A Broken Link in the Chain

Janet Hall explores the cascading effects of hormonal disruptions on the reproductive system.

Janet Hall (right) talking with Stavros Garantziotis

As the NIEHS Clinical Director, Dr. Janet Hall (right) works closely with Dr. Stavros Garantziotis, Medical Director for the NIEHS Clinical Research Unit.

Scientists commonly compare the human brain to a computer and the body to a machine, but when it comes to endocrinology — the study of the body’s diverse array of hormones — Janet Hall, M.D., M.S., makes the body sound more like a crowded table at a dinner party.

“There’s a tremendous amount of cross-talk,” says Dr. Hall, Clinical Director at the NIH National Institute of Environmental Health Sciences (NIEHS) and head of its Reproductive Physiology and Pathophysiology Group. “Endocrinology really is about how the body stays in sync and how it reaches a kind of homeostasis by having various parts of the body talk back and forth to each other.”

Unfortunately, as anyone who has played the game of telephone knows, an error early on in the chain of communication can dramatically alter the end result. Dr. Hall specifically investigates what happens when the hormonal processes that govern reproduction go haywire: infertility, irregular menstrual cycles, or the complete absence of periods. In her efforts to learn more about reproductive endocrine disorders, Dr. Hall begins at the top and works her way down.

“Most people think about the reproductive system as all about the gonads and about estrogen and testosterone, but in fact the reproductive system is entirely dependent on what happens in the brain,” she explains.

diagram of the hormonal system that influences reproduction

A complex chain of events that begins in the brain controls reproductive function. A problem with any one part of this system can cause a wide array of symptoms, including infertility or a halt in a woman’s menstrual cycle.

One of the primary drivers of reproductive function is a set of neurons in a brain region called the hypothalamus. These cells secrete a hormone called gonadotropin-releasing hormone (GnRH), which travels to the body’s pituitary gland and causes it, in turn, to release luteinizing hormone (LH) and follicle-stimulating hormone (FSH) into the bloodstream. In women, these two chemicals tell the ovaries to release the hormones estradiol and progesterone, which are responsible for creating the gender-specific characteristics girls develop when they enter puberty, as well as controlling the menstrual cycle. To make matters even more complicated, estradiol from the ovaries travels back up to the hypothalamus and curbs the release of GnRH.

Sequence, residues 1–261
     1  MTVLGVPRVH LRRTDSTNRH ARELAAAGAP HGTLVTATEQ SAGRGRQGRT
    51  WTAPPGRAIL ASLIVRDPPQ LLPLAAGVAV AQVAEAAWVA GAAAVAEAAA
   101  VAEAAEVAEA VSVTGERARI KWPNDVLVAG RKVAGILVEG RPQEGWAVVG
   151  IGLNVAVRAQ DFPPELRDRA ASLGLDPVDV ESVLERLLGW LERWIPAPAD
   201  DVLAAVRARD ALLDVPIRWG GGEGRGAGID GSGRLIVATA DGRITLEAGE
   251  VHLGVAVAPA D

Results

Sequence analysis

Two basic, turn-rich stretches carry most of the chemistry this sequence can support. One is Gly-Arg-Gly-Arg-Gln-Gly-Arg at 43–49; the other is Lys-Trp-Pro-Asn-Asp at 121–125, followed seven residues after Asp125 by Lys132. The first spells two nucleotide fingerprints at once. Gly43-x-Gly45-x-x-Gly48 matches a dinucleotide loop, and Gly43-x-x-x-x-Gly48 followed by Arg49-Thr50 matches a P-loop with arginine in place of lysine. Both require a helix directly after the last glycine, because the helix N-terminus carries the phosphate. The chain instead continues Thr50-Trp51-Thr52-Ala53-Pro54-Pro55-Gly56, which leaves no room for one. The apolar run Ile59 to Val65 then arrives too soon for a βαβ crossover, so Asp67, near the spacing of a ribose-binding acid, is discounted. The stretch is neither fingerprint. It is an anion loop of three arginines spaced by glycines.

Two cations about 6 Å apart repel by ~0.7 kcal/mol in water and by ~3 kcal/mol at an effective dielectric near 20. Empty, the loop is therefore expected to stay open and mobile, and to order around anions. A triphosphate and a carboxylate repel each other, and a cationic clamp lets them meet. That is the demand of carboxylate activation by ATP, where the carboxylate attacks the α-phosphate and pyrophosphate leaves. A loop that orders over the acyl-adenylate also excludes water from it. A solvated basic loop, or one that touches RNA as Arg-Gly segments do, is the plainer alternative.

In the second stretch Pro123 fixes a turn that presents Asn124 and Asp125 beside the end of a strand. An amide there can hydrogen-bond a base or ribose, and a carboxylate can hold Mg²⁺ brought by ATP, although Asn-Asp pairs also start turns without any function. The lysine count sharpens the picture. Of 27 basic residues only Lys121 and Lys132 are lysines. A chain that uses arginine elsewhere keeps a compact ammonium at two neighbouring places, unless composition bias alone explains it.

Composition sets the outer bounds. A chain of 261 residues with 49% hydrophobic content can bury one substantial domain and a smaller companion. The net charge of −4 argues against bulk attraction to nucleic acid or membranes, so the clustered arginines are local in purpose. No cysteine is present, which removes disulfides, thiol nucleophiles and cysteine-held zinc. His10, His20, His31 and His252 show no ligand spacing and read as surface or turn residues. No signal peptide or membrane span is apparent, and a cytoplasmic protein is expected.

Dr. Hall has spent much of her career studying GnRH deficiency, attempting to understand the genetic factors that contribute to it and treating patients who never enter puberty and are infertile because their GnRH neurons do not work properly. Research she contributed to early in her career helped bring about the FDA approval of GnRH treatments for this patient population. Restoring normal levels of GnRH has cascading, corrective effects all the way down the hormonal chain. Dr. Hall’s efforts to restore fertility in women who had been told they would never have children have had a particularly profound effect on her.

nurse putting a research volunteer into a Bod Pod

Dr. Hall’s research uses a wide array of equipment to examine how lifestyle factors influence reproductive function. This ‘Bod Pod’ measures the ratio of body fat to lean tissue like bone and muscle in a person’s body.

 

“I have patients whose children are now in their twenties and I still get cards from them every year letting me know how their kids are doing,” Dr. Hall says. “It’s pretty exciting and pretty fulfilling.”

Of course, as a researcher at an institution with the word ‘environmental’ in its name, Dr. Hall’s work also explores how environmental and lifestyle factors like diet and exercise affect reproductive function. One of her lab’s current projects focuses on women with a condition called hypothalamic amenorrhea, in which the body responds to weight loss by curbing GnRH production, thereby shutting down the menstrual cycle. However, not all women’s bodies react this way, and Dr. Hall wants to understand why.

“There are some women who are incredibly tolerant to exercising and losing weight and there are other women who stop cycling with very minimal decrease in energy intake or increase in exercise,” Dr. Hall explained.

Dr. Garantziotis examines a patient visiting the Clinical Research Unit

Dr. Garantziotis examines a patient visiting the Clinical Research Unit. 

By studying genes involved in GnRH regulation and comparing how different women’s hormone levels change in response to a reduced calorie intake, Dr. Hall hopes to one day be able to predict individuals’ susceptibilities to developing hypothalamic amenorrhea. This sort of work requires a flexibility that Dr. Hall views as a key component of the NIH’s Intramural Research Program.

“One of the things that is particularly helpful is the freedom to be more nimble in the research that we do, to be able to follow leads, and to be able to take risks,” Dr. Hall says. “These opportunities can really drive the field forward and are an incredibly important part of what the intramural program offers.”

Janet Hall, M.D., M.S., is the Clinical Director at the National Institute of Environmental Health Sciences (NIEHS) and the head of its Reproductive Physiology & Pathophysiology Group.